# Difference between revisions of "Schoenflies conjecture"

From Encyclopedia of Mathematics

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− | The conjecture stating that the common boundary of two domains in the plane is always decomposable. A space | + | {{TEX|done}} |

+ | The conjecture stating that the common boundary of two domains in the plane is always decomposable. A space $X$ is called decomposable if it is connected and can be represented as the union of two closed connected subsets different from $X$. This conjecture was stated by A. Schoenflies in 1908 and disproved by L.E.J. Brouwer in 1910, who discovered indecomposable continua, i.e. connected compact sets that cannot be represented as the union of two closed proper connected subsets. For each finite or countable $k\geq2$, $k$ domains in the plane have been constructed with an indecomposable continuum as common boundary. | ||

====References==== | ====References==== | ||

<table><TR><TD valign="top">[1]</TD> <TD valign="top"> K. Kuratowski, "Topology" , '''2''' , Acad. Press (1968) (Translated from French)</TD></TR></table> | <table><TR><TD valign="top">[1]</TD> <TD valign="top"> K. Kuratowski, "Topology" , '''2''' , Acad. Press (1968) (Translated from French)</TD></TR></table> |

## Latest revision as of 08:39, 12 April 2014

The conjecture stating that the common boundary of two domains in the plane is always decomposable. A space $X$ is called decomposable if it is connected and can be represented as the union of two closed connected subsets different from $X$. This conjecture was stated by A. Schoenflies in 1908 and disproved by L.E.J. Brouwer in 1910, who discovered indecomposable continua, i.e. connected compact sets that cannot be represented as the union of two closed proper connected subsets. For each finite or countable $k\geq2$, $k$ domains in the plane have been constructed with an indecomposable continuum as common boundary.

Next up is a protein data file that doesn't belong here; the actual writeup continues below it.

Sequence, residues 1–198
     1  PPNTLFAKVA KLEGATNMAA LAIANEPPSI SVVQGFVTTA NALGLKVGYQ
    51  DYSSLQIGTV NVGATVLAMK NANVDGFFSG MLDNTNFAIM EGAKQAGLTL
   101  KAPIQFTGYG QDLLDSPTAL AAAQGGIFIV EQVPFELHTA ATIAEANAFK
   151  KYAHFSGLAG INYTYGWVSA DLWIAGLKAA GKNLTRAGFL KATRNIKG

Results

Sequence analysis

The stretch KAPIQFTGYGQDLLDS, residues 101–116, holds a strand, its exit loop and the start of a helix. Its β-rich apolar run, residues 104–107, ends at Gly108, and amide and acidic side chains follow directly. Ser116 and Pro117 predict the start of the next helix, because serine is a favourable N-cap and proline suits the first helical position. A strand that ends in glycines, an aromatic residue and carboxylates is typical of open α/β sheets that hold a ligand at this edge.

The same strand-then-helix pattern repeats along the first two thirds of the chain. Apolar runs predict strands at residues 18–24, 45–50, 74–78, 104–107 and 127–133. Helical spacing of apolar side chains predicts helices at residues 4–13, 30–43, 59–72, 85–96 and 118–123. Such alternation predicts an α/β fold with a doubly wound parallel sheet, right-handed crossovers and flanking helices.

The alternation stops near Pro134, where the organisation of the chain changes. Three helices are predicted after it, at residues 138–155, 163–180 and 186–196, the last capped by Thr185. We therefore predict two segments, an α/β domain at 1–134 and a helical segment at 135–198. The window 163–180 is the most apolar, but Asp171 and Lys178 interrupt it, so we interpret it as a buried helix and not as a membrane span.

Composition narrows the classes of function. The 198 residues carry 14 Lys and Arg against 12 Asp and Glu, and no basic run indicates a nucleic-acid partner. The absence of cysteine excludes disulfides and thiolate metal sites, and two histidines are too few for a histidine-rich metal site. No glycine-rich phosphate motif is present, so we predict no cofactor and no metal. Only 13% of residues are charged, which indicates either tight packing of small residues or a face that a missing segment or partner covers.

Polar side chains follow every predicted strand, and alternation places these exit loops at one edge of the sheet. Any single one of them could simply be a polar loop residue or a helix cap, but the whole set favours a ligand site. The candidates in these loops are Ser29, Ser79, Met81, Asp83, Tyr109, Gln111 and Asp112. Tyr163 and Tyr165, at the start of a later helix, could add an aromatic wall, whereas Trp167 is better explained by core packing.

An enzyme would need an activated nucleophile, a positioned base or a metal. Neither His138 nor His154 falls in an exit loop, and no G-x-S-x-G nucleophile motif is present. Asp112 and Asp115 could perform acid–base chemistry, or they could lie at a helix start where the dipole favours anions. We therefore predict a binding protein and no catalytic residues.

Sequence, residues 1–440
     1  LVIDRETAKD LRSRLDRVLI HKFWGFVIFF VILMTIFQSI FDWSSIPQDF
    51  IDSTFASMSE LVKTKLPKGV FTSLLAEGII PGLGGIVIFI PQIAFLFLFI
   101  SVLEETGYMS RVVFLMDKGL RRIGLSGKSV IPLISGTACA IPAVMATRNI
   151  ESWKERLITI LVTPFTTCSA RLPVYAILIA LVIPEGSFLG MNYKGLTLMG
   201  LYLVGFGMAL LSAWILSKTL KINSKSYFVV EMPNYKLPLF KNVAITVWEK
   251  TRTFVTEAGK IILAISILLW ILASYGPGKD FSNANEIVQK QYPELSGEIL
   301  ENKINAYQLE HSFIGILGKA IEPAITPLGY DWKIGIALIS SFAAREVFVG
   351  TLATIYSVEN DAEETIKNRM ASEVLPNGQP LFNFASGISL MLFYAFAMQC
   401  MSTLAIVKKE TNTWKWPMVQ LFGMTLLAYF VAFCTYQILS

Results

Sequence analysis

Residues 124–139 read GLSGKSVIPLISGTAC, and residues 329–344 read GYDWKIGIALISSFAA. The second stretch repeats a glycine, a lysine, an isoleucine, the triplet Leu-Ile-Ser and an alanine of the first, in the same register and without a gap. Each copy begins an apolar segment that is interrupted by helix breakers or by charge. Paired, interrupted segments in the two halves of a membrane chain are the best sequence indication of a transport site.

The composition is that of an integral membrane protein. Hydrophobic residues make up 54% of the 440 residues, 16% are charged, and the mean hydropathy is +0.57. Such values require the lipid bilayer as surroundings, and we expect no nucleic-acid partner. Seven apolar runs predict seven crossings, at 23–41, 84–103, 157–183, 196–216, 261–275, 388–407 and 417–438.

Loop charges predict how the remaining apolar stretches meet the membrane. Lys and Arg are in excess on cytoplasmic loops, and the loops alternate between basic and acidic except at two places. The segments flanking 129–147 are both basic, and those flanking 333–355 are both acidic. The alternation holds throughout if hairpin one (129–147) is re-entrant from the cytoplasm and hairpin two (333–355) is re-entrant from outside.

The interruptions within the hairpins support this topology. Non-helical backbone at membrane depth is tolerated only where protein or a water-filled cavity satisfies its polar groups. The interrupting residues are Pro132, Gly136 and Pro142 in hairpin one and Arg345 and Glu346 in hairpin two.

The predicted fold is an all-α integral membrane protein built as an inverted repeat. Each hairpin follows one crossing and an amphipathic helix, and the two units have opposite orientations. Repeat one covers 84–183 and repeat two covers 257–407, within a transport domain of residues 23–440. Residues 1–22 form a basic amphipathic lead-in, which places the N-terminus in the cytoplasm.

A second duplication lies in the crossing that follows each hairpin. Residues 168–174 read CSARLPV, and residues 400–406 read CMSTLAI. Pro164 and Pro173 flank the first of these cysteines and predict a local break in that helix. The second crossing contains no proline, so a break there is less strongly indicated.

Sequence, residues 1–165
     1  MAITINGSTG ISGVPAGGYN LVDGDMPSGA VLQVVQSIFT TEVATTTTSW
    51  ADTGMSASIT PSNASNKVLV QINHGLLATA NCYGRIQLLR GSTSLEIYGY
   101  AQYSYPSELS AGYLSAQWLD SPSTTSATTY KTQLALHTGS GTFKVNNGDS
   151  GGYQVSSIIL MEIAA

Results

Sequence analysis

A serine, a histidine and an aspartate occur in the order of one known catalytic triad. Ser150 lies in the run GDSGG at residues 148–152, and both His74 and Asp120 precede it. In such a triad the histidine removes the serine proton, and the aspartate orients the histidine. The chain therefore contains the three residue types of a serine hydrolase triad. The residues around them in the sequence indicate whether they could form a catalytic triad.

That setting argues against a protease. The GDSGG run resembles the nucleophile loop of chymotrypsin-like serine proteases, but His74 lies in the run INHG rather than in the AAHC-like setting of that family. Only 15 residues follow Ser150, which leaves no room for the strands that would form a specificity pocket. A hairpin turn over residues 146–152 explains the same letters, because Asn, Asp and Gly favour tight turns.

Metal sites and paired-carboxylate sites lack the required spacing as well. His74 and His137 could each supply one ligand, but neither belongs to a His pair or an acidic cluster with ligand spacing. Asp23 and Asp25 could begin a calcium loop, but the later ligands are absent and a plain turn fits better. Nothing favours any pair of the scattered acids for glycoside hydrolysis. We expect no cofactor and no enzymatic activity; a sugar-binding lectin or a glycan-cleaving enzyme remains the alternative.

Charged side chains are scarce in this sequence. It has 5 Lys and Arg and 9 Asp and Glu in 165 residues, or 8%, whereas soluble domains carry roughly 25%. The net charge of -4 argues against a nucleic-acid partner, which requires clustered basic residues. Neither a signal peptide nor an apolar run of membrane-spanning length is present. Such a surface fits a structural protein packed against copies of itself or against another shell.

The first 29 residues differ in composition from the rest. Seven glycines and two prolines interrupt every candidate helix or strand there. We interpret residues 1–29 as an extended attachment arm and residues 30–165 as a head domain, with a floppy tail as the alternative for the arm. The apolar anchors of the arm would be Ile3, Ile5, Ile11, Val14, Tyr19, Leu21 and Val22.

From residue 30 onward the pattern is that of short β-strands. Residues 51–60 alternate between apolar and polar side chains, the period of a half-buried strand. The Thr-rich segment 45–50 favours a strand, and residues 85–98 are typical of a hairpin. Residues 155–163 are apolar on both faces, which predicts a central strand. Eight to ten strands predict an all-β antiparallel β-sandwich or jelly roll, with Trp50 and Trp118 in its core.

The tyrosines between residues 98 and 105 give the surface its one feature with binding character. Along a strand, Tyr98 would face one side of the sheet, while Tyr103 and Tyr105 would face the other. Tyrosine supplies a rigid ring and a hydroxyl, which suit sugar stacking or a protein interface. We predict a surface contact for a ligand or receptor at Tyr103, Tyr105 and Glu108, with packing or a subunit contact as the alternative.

#### References

[1] | K. Kuratowski, "Topology" , 2 , Acad. Press (1968) (Translated from French) |

**How to Cite This Entry:**

Schoenflies conjecture.

*Encyclopedia of Mathematics.*URL: http://encyclopediaofmath.org/index.php?title=Schoenflies_conjecture&oldid=11230

This article was adapted from an original article by B.A. Efimov (originator), which appeared in Encyclopedia of Mathematics - ISBN 1402006098. See original article